In the News
Trudeau Government’s Indigenous Relations
Mandate of Minister of
Crown Indigenous Relations
The “mandate letter” given to the Minister of Crown Indigenous Relations reveals that the Trudeau Liberals are on the same colonial path as previous governments, trying to extinguish the hereditary rights of the Indigenous peoples and their right to be.
The directives are so pompous as to be truly offensive. Marc Miller, Minister of Crown-Indigenous Relations, is directed to work to build “nation-to-nation relationships and support self-determination, including supporting First Nations communities as they transition to self-government and move away from the Indian Act.”
The racist conception that the problem with the Indian Act is that Indigenous peoples are “wards of the state” and not “self-governing” is offensive. The problem with the Indian Act is that it is a colonial arrangement which oversaw the theft of Indigenous peoples’ lands, destruction of their cohesion, culture and nations, destruction of their thought material, all in the name of imposing British racist notions of “self-government.” The conception of “self-government” is a kind of “white man’s burden” where “the natives” are taught or cajoled and brutalized into governing themselves on the basis of the Westminster system so that the power stays in the hands of rulers who govern while the subjects who are governed must prove themselves loyal. On the basis of contrived elections, some people are provided with positions of privilege to say they “represent the people” and have a mandate to speak in their name.
According to 19th century liberal ideology, if the “noble savages” are taught to govern themselves, then they merit systems of self-government. It has nothing to do with building “new relations” which is why from coast to coast to coast the Indigenous peoples have rejected prior attempts to void the Indian Act. Indian Act abolishment, without prior recognition of Indigenous peoples’ sovereign rights and stipulated legal protections and remedies in place, including the payment of rents for occupied lands, reparations for crimes past and present and recognition of fiduciary responsibilities, means that their lands would be under provincial jurisdiction and subject to provincial governments’ extractive, development and other agendas while they would be abandoned to fend for themselves on reserves which are in a disgraceful state harmful to the well-being of the people who live there.
The Minister is also mandated to “hold the federal government accountable.” This is a laugh. What does it even mean? Accountable to whom? How? The Minister has sworn an oath of allegiance to the very Crown that imposed the colonial relations to extinguish Indigenous peoples in the first place! Nothing has changed in that regard. Canada’s “rules-based order” applies domestically as well as internationally. The government makes the rules up as it goes along and people have to follow them or be criminalized. This has not been accepted by the Indigenous peoples, Canadians or even the courts. The aim of the Trudeau government has revealed itself to be to pass laws so that it is no longer encumbered by whatever the Constitution, or the Indian Act or the courts mandate it to do.
This is a time for the peoples to lay their claims on society as they see fit, work them out together and work out what is required to provide them with a guarantee. It is this social cohesion amongst the people the government seeks to undermine at all costs.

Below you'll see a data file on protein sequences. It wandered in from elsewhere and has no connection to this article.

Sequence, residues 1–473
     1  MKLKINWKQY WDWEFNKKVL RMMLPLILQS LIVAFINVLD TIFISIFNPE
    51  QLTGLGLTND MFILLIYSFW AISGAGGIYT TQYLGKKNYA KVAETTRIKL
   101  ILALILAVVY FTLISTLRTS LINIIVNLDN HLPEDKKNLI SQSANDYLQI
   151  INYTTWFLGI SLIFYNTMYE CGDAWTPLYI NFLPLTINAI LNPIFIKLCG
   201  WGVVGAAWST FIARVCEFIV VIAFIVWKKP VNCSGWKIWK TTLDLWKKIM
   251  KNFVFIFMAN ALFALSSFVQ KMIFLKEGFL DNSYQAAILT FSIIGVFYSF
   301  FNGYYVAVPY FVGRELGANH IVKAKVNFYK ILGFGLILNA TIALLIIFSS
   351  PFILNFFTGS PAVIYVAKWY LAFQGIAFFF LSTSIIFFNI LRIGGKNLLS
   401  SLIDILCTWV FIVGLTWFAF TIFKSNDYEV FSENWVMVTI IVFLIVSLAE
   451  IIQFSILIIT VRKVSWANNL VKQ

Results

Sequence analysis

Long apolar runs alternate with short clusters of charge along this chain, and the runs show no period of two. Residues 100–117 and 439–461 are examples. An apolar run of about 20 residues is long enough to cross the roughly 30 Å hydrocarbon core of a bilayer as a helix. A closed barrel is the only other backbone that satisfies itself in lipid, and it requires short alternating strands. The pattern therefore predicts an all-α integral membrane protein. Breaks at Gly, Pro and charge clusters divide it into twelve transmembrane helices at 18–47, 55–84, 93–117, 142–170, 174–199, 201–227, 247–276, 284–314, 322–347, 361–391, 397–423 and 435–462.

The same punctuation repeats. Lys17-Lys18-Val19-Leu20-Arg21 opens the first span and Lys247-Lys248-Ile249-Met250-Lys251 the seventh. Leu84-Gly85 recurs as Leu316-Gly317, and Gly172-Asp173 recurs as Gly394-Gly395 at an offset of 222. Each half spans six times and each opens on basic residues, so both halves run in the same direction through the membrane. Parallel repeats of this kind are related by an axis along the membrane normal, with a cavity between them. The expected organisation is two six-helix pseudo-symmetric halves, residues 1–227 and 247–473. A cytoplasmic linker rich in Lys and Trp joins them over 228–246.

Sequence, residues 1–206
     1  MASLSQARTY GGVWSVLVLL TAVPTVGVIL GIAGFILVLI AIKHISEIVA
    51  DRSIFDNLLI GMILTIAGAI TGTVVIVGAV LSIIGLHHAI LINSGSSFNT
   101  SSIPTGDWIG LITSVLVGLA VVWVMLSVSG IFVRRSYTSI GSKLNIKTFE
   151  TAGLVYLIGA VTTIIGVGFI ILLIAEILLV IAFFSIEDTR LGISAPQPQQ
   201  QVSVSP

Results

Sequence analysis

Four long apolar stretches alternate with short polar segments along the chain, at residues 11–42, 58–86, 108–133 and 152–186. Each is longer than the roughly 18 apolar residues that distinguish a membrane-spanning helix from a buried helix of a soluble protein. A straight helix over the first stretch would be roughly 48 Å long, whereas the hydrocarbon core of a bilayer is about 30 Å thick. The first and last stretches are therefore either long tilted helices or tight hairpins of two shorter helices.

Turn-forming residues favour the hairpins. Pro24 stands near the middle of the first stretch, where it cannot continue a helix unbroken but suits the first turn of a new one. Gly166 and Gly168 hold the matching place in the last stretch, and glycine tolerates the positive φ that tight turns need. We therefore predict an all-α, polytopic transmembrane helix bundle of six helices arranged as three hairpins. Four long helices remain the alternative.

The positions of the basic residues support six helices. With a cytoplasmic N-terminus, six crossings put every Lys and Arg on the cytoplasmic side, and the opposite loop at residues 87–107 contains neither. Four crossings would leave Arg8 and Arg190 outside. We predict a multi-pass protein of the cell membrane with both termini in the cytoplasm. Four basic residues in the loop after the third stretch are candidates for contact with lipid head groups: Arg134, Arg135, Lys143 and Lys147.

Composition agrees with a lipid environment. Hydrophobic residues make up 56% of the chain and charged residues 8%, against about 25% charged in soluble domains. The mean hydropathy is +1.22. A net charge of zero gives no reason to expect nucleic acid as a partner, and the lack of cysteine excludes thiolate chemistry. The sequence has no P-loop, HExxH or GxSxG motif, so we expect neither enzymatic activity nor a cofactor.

It is not the first time the Canadian government has talked about transitioning away from the racist Indian Act. Pierre Elliot Trudeau proposed it in his 1969 “White Paper.” That was rejected by Indigenous peoples. It was reintroduced in the Canada clause of the Charlottetown Accord. That was rejected when the Canadian polity registered a No vote to the Charlottetown Accord in the 1992 Referendum.
Transitioning from the racist Indian Act has never been about recognizing Indigenous peoples’ right to be as sovereign peoples, with their own forms of governance, their own laws based on their own thought material, on their own territories. The intent has always been to do away with the “Indian problem” by imposing a so-called “third tier” of governance, no less an instrument of the colonial Canadian state, but without the overt racist trappings. In fact, so long as these trappings are there, the resistance of the Indigenous peoples will reveal them for all to see. That is why any effective resistance is made illegal. But that too reveals the racist trappings. Thus government pledges and mandates and hypocrisy are doomed to end in failure for the government.
1. “… the complexities of the Indian Act goes beyond racism. It also serves as a legislative tool by which to hold the federal government accountable for their legal responsibilities. There are various legal protections within the Act, like tax exemptions for property on reserves and the protection of reserve lands from seizure. First Nations have less than 0.2 per cent of all their traditional lands as reserve lands, and preserving the integrity of those collective lands has been identified as a priority by many First Nations. The Indian Act also serves to protect — at least to some extent — from interference by the provinces. This is another major concern of First Nations who know that Indian Act abolishment, without other legal protections in place, means that their lands would be under provincial jurisdiction and vulnerable to the provincial governments’ voracious extraction and development appetites.”
Pam Palmater, “Abolishing the Indian Act means eliminating First Nations’ rights,” Macleans, October 10, 2019.
(Renewal Update, posted January 20, 2022)